To meet demand, the Scottish National Blood Transfusion Service must find 5,000 donors each week.

In England and Wales, NHS Blood and Transplant supplies 8,000 units of blood daily. The system is fundamental. Ultimately it relies on trust.

In the late 1970s and early 1980s, that trust was put at risk when it became clear that blood products - "factor concentrates" - designed to alleviate haemophilia were contaminated. Sick people were being infected with the hepatitis C virus (HCV) and, it transpired, with HIV. In increasing numbers, they began to die.

This was, and remains, a national and international scandal. At its heart lay pharmaceutical companies sourcing plasma from high-risk donors. Health agencies, in turn, were accused of failing to ensure the quality of their supplies. Governments then faced charges of covering up the truth, either to preserve public confidence, or to stave off legal actions.

Haemophilia Scotland estimates that at least 500 Scottish families have lost someone to the disaster, or are living with its consequences. More than 200 people are believed to have died. This suggests that around 5,000 individuals have been infected in the UK. The Tainted Blood campaign broadly agrees: 4,800 infected with HCV, and 1,200 of those left with HIV. Of the last group "380 or so people are still alive".

Why is this still controversial three decades on? You could as well ask why the UK Government has refused a public inquiry for so long, or why it was left to the Scottish Government to establish Lord Penrose's inquiry in 2008. The latter produced its 1,800 page report yesterday, just as David Cameron was apologising on behalf of his government. Neither response counts as good enough.

That might sound perverse. After all, the Penrose Inquiry has been scrupulously at work for long enough. For his part, Mr Cameron sounded entirely sincere when he recognised the sense of injustice experienced by victims while promising £25 million to support any "transitional arrangement to a better payment system". It might be understandable for campaigners to dismiss the inquiry report as a whitewash. What else can now be done?

As it happens, a great deal. Two issues preoccupy those who demand justice: responsibility and fair compensation. Despite a plethora of cases around the world, neither has been dealt with here. Lord Penrose was given 12 terms of reference. The first four call on him only to "investigate the systems in place" during the disaster. The Prime Minister's promise of £25 million comes, meanwhile, as his own Department of Health is facing legal action over the issue of compensation.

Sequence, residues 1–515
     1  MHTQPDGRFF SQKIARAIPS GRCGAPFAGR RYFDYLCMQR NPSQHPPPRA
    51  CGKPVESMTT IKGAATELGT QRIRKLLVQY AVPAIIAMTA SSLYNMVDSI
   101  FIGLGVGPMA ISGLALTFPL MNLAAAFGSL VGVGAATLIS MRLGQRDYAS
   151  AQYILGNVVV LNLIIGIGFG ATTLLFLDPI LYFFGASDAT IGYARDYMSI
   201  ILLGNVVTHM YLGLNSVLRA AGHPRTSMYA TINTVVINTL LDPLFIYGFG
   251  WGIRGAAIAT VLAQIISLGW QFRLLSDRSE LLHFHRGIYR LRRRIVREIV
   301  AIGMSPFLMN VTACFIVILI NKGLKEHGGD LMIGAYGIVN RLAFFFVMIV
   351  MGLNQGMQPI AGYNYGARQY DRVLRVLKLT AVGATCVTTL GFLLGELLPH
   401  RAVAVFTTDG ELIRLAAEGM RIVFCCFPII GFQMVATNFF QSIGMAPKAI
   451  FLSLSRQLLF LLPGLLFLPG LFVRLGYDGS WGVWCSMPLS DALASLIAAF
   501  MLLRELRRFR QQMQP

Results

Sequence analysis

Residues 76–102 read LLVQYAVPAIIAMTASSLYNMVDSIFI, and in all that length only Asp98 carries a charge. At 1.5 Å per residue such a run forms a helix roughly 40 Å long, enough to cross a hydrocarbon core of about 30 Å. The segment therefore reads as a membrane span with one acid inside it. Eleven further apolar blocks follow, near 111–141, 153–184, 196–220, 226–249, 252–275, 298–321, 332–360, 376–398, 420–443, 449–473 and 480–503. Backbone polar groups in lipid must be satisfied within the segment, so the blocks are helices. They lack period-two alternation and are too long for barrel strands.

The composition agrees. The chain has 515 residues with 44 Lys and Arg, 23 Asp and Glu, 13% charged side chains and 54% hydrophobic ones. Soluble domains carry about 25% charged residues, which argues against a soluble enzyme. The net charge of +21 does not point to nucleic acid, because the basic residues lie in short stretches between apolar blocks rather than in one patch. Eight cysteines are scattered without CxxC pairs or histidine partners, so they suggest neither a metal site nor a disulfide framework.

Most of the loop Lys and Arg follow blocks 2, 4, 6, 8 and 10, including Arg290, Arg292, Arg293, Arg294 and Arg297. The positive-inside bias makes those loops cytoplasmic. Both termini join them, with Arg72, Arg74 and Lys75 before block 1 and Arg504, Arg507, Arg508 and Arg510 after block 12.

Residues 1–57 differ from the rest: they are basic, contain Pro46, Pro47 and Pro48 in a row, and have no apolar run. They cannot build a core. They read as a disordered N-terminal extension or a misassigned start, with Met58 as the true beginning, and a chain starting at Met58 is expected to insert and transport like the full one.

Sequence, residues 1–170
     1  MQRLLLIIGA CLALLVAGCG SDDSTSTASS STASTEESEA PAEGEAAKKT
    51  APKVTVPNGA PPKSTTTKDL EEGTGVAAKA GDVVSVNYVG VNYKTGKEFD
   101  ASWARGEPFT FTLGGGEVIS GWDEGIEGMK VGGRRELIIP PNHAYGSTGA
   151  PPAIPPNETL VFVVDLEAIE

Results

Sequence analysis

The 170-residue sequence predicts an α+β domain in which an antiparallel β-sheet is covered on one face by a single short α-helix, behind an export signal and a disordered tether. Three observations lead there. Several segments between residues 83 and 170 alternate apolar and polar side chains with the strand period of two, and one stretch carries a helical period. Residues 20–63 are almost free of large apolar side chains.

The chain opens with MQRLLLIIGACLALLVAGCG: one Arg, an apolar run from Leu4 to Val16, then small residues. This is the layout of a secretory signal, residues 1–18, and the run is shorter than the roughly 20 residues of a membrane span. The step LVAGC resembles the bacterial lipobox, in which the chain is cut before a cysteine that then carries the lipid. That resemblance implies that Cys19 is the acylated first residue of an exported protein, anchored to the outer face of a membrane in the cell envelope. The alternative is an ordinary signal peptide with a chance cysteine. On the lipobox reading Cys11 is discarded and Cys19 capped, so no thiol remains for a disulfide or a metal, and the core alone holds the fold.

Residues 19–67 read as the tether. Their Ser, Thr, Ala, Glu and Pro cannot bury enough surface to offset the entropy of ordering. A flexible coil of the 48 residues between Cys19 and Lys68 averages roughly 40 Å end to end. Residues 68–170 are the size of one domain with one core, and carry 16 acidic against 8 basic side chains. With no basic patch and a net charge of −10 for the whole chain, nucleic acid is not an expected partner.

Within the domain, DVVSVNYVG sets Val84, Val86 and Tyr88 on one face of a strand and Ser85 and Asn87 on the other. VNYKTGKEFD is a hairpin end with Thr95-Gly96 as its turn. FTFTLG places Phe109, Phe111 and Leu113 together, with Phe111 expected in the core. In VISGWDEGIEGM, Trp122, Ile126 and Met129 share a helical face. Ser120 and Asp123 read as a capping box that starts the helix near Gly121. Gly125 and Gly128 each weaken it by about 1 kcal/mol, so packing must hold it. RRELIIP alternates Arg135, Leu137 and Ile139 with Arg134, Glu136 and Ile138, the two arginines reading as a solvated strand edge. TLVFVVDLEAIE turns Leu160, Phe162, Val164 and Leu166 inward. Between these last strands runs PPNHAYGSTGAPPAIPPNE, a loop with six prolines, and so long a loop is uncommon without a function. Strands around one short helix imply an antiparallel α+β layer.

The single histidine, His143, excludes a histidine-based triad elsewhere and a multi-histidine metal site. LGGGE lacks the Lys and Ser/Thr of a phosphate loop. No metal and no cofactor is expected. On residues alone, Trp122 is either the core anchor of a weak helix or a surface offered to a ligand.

Given its limited terms of reference, it was perhaps hardly surprising that the Penrose Inquiry would produce limited findings. A single recommendation - that those who had transfusions before 1991 should be screened - is little enough to show, however, for the time spent delving into what the report calls "the stuff of nightmares".

You could argue that Lord Penrose did as much as he could. If so, you would have to question why he was asked only to "identify any lessons and implications for the future". The report asserts that everything that could have been done at the time was done. The fact remains that other countries have done far more since in dealing with the disaster's aftermath.

In 2001, the Canadian Red Cross was found guilty of negligence. In France, a health minister was convicted and two officials imprisoned. In Ireland, the Lindsay Tribunal was established as long ago as 1999. In Japan, three drug company executives were jailed after substantial compensation was extracted from the industry and the government. In the United States, in 1997, four firms agreed to pay $660 million to settle cases on behalf of 6,000 haemophiliacs.

In the UK, the Skipton Fund, established by the English Department of Health on behalf of ministers across the UK, in theory makes ex-gratia payments to those given HVC by the NHS. Yet while those who have contracted HIV receive £14,574 a year, 3,000 individuals registered with the fund as infected with HVC receive nothing. Hence the action for judicial review, claiming illegal discrimination, facing the department, the Skipton Fund, and the Caxton Foundation, another government "charity".

Those supporting the action do not believe HIV sufferers are treated fairly. They assert instead that HVC have suffered abominable treatment. That the Government is addressing the issue through wholly-controlled "charities" is, in this saga, symptomatic, but it helps to explain why the Penrose report is denounced as a whitewash.

Those afflicted were given tainted blood. If it did not kill them, it ruined their lives. Those responsible have still not been dealt with; those who have suffered have yet to receive real recognition or compensation. As Mr Cameron would have it, this "should not have happened". But it is still happening.